among the

phenomena of the countries which “ Possessing such variety of he visited in his excursions. At knowledge, with the most inthe annual meeting of the Society, ventive quickness and sagacity in February 20, 1829, Dr. Fitten, its application to new purposes, the president, remarked, that Dr. Wollaston was at all times “though Dr. Wollaston did not accessible to those whom he bepublish any thing on the more lieved to be sincerely occupied in immediate subjects of our pursuit, useful inquiry: he seemed, indeed, his success in the cultivation of himself to delight in such comother branches of knowledge has munications: and his singular dexconduced, in no small degree, to terity and neatness in experiment the recent advancement of geology. rendered comparatively easy to The discovery of two new metals him the multiplied investigations was but a part of his contributions arising from them, which to others to chemical science; and his ap- might have been oppressive or implication of chemistry to the ex. practicable. His penetration and amination of very minute quanti- correct judgment, upon subjects ties, by means of the simplest apparently the most remote from apparatus, divested chemical in his own immediate pursuits, made quiry of much of its practical him, during many of the latter difficulty, and greatly promoted years of his life, the universal mineralogy. His Camera Lucida arbiter on questions of scientific is an acquisition of peculiar value difficulty; and the instruction thus to the geologist, as it enables those derived from communication with who are unskilled in drawing to a man of his attainments has had preserve the remembrance of what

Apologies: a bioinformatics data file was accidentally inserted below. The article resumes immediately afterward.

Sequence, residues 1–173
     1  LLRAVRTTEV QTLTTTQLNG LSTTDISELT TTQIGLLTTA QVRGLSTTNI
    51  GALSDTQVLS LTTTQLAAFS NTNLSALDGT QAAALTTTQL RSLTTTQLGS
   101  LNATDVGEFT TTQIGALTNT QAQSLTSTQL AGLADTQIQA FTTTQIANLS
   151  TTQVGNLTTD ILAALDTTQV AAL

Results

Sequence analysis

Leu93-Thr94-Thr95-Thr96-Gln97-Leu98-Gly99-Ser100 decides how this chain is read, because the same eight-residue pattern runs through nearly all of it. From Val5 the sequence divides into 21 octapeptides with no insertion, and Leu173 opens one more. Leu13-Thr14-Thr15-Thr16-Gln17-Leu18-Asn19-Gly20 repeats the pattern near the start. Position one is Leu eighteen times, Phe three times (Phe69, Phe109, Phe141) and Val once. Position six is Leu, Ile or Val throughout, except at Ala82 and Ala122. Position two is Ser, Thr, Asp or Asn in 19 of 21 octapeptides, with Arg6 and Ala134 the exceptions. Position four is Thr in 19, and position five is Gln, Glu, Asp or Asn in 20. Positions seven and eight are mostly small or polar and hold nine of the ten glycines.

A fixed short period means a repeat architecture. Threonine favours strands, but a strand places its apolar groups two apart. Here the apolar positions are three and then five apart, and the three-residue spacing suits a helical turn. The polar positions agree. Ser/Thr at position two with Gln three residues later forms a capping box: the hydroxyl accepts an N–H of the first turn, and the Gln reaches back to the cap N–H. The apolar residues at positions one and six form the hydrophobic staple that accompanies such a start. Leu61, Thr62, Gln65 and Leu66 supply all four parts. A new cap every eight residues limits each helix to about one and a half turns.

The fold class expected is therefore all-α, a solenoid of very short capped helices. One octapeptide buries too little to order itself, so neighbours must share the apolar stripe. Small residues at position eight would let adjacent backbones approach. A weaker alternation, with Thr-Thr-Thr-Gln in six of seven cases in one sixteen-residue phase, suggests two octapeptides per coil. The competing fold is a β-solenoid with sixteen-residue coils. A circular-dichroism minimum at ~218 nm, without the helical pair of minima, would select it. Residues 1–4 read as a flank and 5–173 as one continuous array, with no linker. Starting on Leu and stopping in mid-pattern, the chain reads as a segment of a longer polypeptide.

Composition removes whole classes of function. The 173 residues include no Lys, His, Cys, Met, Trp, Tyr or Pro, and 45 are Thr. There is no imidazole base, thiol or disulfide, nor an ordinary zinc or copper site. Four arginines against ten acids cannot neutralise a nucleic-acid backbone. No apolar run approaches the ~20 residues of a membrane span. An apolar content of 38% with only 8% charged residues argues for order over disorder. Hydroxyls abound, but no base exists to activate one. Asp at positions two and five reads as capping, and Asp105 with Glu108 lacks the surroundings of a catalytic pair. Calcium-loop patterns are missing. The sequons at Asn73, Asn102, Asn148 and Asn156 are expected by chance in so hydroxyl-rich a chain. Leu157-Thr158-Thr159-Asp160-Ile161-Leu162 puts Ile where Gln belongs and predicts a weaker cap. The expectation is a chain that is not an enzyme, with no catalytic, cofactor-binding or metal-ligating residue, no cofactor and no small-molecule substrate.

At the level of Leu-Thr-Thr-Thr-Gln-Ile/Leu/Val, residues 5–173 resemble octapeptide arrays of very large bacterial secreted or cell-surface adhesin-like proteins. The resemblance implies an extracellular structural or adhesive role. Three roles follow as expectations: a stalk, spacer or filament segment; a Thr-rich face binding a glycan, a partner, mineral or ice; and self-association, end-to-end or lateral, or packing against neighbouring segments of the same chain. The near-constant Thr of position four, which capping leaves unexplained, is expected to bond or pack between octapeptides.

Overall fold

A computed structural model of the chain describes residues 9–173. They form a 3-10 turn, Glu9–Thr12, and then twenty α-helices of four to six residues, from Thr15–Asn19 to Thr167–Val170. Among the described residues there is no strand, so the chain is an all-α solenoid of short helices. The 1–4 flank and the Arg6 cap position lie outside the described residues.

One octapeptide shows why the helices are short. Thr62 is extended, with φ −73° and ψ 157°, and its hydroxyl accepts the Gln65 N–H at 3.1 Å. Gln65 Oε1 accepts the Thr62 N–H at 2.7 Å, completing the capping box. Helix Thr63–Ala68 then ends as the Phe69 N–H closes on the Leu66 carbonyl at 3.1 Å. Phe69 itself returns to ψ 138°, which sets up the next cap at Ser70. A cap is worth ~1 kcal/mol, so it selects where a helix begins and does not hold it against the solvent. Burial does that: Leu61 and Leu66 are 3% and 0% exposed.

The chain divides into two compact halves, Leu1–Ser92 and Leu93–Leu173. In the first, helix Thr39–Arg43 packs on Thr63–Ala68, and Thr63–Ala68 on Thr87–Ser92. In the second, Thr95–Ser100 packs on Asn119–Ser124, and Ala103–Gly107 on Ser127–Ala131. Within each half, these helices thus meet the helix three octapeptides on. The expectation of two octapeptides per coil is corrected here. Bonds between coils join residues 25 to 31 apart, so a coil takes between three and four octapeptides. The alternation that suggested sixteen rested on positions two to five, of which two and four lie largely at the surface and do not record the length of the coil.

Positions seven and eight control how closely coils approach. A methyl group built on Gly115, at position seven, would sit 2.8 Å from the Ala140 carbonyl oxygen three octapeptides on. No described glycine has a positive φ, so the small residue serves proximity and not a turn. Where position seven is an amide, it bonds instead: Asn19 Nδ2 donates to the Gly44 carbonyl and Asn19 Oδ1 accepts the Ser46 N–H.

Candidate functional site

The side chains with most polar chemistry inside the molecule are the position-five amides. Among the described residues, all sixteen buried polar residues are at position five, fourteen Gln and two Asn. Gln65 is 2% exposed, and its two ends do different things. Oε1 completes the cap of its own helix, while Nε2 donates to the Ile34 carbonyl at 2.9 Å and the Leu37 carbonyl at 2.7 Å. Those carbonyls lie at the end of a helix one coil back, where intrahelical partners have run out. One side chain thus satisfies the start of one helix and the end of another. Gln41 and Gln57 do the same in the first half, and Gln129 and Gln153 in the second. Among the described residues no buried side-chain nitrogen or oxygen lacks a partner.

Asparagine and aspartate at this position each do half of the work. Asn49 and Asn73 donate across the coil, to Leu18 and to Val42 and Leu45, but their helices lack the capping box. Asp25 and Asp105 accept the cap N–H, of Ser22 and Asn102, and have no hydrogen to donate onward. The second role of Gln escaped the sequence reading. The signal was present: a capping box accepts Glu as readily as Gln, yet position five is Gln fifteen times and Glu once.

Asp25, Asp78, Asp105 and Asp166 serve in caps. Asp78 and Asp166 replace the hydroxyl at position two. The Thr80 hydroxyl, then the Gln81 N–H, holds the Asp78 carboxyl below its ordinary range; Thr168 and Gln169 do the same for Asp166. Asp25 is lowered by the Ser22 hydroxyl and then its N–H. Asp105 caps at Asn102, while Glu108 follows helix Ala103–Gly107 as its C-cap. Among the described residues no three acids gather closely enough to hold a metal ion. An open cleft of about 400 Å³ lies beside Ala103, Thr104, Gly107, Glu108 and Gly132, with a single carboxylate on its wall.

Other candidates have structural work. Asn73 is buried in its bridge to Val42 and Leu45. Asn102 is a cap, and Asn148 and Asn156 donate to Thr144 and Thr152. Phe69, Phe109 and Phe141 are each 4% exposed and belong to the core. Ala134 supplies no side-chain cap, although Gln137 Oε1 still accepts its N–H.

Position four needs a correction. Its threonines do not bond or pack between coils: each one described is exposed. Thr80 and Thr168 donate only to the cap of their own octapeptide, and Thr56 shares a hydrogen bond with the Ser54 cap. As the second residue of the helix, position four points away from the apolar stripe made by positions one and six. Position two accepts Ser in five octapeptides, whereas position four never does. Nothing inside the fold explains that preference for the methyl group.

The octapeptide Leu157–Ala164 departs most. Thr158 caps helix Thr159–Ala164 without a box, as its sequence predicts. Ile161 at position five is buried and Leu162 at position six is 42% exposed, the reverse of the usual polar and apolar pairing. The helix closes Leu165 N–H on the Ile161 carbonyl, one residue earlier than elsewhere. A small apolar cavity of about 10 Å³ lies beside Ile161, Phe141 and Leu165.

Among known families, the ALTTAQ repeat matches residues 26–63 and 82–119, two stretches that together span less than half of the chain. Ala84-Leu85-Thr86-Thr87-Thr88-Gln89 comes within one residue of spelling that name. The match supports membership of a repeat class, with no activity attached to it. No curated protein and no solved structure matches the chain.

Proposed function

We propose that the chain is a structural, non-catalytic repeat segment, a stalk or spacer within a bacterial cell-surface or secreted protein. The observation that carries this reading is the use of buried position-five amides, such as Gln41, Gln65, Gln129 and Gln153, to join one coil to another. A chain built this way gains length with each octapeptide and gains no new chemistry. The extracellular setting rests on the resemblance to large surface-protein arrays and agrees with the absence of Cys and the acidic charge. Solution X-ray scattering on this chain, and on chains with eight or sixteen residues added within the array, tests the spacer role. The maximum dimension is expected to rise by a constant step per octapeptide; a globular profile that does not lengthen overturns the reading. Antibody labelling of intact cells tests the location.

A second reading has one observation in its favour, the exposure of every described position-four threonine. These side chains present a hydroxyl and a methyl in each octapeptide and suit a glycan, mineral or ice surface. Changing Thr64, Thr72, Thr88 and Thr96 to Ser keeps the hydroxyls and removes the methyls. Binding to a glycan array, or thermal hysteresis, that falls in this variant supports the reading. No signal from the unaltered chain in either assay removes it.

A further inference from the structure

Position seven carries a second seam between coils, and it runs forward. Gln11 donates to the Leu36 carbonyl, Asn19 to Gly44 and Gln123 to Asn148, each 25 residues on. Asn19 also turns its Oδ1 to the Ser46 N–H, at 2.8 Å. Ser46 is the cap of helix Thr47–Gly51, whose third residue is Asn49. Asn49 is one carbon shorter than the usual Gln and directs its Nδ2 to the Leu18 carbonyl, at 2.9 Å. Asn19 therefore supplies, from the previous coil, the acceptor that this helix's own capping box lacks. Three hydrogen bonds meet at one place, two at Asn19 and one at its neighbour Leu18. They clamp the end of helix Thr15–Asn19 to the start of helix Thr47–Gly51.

an effect on the progress of knowthey see, and gives a fidelity to ledge in this country, and on the sketches hardly attainable by other conduct of various public under

The adaptation of mea- takings, the value of which it surement by reflection to the pur- would be difficult to estimate, and poses of crystallography, by the the loss